Who is allowed to do what? And what type of data may they access? This issue is becoming increasingly important in companies because the number of identities and access rights within in IT Networks is growing constantly. The first thing to consider is whether staff members only access data they really need for their work. In reality, growing structures have shaped flexible access rights: Employees change departments, work in different teams, external staff gets access rights for certain projects and systems in branch offices are being interconnected. This makes it all the more important to know who has access to what.
Access-related risks must be recognized
The proliferation of permissions may entail significant operational and also financial risks for a company. Members of staff may be able to perform actions that they actually are not entitled to – without IT administrators or the management even knowing about it. Many a company boss will be quite surprised to see that a trainee might be familiar with the company’s balance sheets . The permission itself is not the problem if the people in charge know about it and are aware of the risks involved. Risk assessment, however, is not only an issue for the IT department, but increasingly concerns the technical departments. These, however, need current and reliable information for this purpose.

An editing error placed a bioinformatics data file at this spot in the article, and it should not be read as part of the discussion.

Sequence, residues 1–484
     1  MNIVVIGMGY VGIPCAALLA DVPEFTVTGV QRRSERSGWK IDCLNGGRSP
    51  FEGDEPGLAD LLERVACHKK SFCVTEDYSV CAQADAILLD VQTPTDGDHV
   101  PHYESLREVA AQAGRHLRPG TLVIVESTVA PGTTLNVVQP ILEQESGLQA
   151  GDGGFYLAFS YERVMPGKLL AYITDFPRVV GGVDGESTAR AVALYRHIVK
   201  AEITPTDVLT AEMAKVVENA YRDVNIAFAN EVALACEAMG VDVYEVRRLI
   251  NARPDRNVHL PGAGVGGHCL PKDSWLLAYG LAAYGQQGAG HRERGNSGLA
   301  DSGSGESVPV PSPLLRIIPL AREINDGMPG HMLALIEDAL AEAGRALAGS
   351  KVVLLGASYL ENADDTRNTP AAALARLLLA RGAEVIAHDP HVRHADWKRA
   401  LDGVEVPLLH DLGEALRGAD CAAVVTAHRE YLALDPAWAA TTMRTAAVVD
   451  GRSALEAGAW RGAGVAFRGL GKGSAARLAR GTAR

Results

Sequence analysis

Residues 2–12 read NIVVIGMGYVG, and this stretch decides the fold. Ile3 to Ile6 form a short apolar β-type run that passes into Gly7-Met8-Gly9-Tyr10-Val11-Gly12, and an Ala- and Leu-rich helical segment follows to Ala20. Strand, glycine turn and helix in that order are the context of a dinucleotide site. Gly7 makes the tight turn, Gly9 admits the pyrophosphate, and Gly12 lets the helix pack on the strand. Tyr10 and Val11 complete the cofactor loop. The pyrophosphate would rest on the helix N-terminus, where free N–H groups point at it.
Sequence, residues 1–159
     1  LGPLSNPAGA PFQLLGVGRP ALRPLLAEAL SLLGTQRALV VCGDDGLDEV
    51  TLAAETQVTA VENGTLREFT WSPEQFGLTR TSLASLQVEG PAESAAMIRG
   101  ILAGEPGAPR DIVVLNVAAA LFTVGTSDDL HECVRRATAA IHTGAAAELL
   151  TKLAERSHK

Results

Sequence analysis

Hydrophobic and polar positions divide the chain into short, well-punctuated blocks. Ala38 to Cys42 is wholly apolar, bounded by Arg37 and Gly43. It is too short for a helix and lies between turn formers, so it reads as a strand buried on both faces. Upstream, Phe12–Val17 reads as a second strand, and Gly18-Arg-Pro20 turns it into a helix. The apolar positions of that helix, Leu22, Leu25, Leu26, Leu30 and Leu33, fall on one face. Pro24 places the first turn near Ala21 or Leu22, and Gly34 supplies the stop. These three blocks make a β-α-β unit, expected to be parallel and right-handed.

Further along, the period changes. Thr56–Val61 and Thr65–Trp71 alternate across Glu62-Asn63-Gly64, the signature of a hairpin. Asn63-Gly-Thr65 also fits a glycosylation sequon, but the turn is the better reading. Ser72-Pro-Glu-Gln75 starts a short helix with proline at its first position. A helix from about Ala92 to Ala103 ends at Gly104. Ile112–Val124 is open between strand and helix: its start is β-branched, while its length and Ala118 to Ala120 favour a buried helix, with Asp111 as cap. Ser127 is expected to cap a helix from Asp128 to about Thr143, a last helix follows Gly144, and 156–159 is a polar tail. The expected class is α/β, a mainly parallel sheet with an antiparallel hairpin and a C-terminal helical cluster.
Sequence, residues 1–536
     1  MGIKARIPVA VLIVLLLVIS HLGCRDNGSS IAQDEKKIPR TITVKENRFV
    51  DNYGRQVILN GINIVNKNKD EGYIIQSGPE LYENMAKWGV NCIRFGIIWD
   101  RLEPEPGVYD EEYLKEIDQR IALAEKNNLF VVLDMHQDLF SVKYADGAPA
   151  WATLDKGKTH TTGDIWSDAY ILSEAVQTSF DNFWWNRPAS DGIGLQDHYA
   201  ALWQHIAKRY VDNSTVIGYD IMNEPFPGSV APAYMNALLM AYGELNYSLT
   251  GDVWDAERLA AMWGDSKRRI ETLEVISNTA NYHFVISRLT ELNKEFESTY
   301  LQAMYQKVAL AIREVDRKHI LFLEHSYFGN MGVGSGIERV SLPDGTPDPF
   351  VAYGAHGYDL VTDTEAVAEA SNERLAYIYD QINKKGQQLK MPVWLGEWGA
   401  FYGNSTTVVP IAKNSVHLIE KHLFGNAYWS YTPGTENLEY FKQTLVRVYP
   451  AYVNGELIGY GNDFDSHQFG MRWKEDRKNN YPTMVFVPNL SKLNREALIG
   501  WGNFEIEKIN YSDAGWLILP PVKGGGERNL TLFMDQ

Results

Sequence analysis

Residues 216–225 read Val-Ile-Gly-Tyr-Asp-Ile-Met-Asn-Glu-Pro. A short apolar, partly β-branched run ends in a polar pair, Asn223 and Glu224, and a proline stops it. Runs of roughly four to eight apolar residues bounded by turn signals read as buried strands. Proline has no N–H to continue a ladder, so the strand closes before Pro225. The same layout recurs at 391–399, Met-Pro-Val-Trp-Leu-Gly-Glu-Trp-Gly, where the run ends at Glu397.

Permission analysis is a regular task
It is crucial to regularly analyze the permissions. In many companies, this task is postponed again and again because of the workload involved. Restructuring, acquisitions, and employee turnover constantly change the permission’s situation in an IT landscape and make the whole thing even more complicated. An accurate overview, however, is important for internal assessment, e.g. by IT auditors or the corporate management. In addition, there is an ever-growing number of legal regulations such as the German Federal Data Protection Act or the ISO 2700x family of standards. The problem for a company with a large Windows network is that Microsoft does not supply a tool for scanning file server and SharePoint architectures or the Active Directory for permissions. Professional software ensures that current and traceable permissions are always at hand at a click of the mouse.
For more on this topic: Professional permission analysis with Docusnap